I Have No Doubt You Have a Sufficiently Good Opinion of Yourself To Bear Mine With Equanimity

W. Somerset Maugham? John Colton? Clemence Randolph? Apocryphal?

Dear Quote Investigator: As a high school student I came across a wonderful zinger spoken to a self-important individual. I cannot recall the exact wording, but it was something like this:

I perceive, Sir, you have a sufficiently good opinion of yourself that you can bear mine with equanimity.

Would you please help me to trace this expression?

Quote Investigator: In 1921 W. Somerset Maugham published the short story “Miss Thompson” in “The Smart Set” magazine. 1 Within the tale a missionary, Reverend Alfred Davidson, believed that he could change the behavior of a prostitute, Sadie Thompson, but he dramatically failed in the task. The quotation was spoken during a dialog between Davidson and the character Dr. MacPhail. The tale has been reprinted many times under the title “Rain”. 2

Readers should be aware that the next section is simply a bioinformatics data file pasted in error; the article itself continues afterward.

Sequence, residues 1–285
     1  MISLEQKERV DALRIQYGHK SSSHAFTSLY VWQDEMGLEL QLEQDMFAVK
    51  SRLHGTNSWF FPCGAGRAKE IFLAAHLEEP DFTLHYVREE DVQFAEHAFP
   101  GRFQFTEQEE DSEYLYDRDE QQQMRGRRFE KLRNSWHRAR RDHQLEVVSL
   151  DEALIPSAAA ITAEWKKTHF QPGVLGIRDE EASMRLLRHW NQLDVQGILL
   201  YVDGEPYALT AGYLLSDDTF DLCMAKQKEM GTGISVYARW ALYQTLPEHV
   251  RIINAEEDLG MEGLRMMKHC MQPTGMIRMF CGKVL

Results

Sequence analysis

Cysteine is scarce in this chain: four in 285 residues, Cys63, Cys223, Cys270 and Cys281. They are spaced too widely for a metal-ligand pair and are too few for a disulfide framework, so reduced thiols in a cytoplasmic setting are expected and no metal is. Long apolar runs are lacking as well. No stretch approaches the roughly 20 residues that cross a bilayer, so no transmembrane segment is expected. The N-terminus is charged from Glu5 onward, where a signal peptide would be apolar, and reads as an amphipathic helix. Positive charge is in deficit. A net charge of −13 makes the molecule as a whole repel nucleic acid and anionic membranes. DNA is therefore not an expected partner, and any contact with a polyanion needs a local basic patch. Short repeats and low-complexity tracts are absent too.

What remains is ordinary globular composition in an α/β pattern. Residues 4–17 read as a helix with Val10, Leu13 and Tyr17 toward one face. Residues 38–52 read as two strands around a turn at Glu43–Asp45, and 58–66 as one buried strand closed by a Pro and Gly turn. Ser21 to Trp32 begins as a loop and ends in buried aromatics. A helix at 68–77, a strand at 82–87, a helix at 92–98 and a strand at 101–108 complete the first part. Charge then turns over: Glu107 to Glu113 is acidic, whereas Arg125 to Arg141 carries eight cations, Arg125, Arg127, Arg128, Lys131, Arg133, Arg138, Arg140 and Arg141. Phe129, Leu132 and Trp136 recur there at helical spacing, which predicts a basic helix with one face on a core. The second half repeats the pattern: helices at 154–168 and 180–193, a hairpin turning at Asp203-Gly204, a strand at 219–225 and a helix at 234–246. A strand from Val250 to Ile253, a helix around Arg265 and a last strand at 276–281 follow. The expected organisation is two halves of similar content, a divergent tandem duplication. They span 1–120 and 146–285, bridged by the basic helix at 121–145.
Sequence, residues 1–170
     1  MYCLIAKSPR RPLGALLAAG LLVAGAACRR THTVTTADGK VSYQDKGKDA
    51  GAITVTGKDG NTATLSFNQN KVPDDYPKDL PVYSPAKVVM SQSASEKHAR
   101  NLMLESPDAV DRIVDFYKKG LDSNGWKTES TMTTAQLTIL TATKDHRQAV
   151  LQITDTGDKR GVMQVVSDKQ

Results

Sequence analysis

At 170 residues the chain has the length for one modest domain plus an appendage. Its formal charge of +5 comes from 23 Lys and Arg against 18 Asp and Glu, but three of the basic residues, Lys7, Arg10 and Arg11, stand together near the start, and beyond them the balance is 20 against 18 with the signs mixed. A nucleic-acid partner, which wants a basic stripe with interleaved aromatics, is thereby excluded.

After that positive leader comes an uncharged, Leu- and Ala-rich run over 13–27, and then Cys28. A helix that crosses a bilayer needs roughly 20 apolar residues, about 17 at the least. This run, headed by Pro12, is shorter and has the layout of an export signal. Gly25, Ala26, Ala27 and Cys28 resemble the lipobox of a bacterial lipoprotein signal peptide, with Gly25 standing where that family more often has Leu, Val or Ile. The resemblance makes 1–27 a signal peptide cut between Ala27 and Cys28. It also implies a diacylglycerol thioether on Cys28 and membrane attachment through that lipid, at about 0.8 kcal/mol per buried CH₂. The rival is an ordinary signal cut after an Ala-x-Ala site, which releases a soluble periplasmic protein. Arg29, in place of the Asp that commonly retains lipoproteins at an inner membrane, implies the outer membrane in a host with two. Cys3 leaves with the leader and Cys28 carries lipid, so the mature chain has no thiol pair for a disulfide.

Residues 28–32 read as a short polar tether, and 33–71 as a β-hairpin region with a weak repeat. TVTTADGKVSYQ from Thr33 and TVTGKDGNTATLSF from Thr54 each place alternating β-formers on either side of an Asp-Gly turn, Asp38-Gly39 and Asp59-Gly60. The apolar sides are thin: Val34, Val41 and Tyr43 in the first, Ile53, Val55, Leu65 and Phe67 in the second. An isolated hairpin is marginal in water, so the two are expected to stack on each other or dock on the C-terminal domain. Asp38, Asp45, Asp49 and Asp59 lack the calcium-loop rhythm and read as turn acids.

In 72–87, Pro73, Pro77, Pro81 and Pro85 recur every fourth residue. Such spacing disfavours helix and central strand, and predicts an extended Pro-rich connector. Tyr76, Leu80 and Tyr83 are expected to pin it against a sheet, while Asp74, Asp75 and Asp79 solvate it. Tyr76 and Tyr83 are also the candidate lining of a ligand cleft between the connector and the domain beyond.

“Please don’t bear me malice because I can’t accede to your wish,” said Davidson, with a melancholy smile. “I respect you very much, doctor, and I should be sorry if you thought ill of me.”

“I have no doubt you have a sufficiently good opinion of yourself to bear mine with equanimity,” he retorted.

Below are additional selected citations in chronological order.

Continue reading I Have No Doubt You Have a Sufficiently Good Opinion of Yourself To Bear Mine With Equanimity

Notes:

  1. 1921 April, The Smart Set, Miss Thompson by W. Somerset Maugham, Start Page 3, Quote Page 19, Column 1, The Smart Set Company, New York. (ProQuest American Periodicals from the Center for Research Libraries)
  2. 1939 (1921 Copyright), The Trembling of a Leaf: Little Stories of the South Sea Islands by W. Somerset Maugham, Short Story: Rain, Start Page 241, Quote Page 282 and 283, Doubleday, Doran and Company, New York. (Internet Archive at archive.org) link